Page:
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A fire took hold at the Danlin Industries facility in Thomas, Okla., on Sept. 18 at approximately 10:00 p.m., Reuters reported.
About 90 miles northwest of Oklahoma City, the Danlin Industries facility contained nontoxic but highly flammable chemicals that it used routinely in the production of oil and gas, Michael Galloway, director of emergency management for Custer County, told Reuters. The fire burned hot enough to keep first responders and firefighters from getting close to the scene.
It is presumed a resident of Thomas called 911 to report the blaze. The Thomas Fire Department and multiple other agencies arrived on the scene shortly thereafter. However, due to the intensity of the flames, fire suppression was difficult and the site was given some time to burn. A few small explosions occurred inside the facility, as well. Metal structures in the building were melted from the intense heat, according to Galloway.
As a precaution, about 12 people were evacuated from homes that were in close proximity to the site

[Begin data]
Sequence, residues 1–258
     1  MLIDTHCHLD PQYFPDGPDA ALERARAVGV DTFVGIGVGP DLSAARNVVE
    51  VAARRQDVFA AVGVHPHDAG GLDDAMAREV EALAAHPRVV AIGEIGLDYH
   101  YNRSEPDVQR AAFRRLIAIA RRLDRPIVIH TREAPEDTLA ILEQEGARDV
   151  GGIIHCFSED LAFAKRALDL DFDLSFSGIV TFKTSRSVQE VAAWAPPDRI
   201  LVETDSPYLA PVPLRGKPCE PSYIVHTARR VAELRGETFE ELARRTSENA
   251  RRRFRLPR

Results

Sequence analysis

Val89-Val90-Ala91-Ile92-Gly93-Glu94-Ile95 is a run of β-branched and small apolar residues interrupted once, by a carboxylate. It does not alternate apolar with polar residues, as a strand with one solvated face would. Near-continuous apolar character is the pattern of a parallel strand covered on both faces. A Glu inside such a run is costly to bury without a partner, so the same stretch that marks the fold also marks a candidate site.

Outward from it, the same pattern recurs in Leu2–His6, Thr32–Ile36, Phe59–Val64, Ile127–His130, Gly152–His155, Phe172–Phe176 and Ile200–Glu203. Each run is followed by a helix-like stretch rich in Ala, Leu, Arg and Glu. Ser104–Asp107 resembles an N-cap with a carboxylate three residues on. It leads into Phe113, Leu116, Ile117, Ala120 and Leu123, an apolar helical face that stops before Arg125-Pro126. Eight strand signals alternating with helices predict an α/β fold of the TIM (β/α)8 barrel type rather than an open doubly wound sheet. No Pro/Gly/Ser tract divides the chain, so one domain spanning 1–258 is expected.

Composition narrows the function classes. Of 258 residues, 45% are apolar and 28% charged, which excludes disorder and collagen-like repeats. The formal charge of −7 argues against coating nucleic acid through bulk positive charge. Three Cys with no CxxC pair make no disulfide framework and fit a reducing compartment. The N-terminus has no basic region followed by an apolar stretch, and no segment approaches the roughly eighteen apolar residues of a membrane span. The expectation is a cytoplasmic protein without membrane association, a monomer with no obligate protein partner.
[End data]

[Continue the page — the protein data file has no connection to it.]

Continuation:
"The entire facility burned down," Galloway said, adding the fire had been extinguished by early Sept. 19.
No injuries have been reported, and Danlin officials told Oklahoma City CBS affiliate KWTV that the last employee had left the facility about three hours prior to the start of the incident. While the cause of the fire is still unknown, it destroyed the facility and at least a dozen vehicles at the plant. Employees at the plant, however, are eager to get back to work.
"We're just going to keep moving forward and get back to normal," Mike Brown, chief operating officer of Danlin, told FOX affiliate KOKH. "We were able to move forward very quickly. We secured the scene. We had no injuries- that as the main thing was no injuries at all. We're working that way and hopefully we'll have little to know environmental impact."
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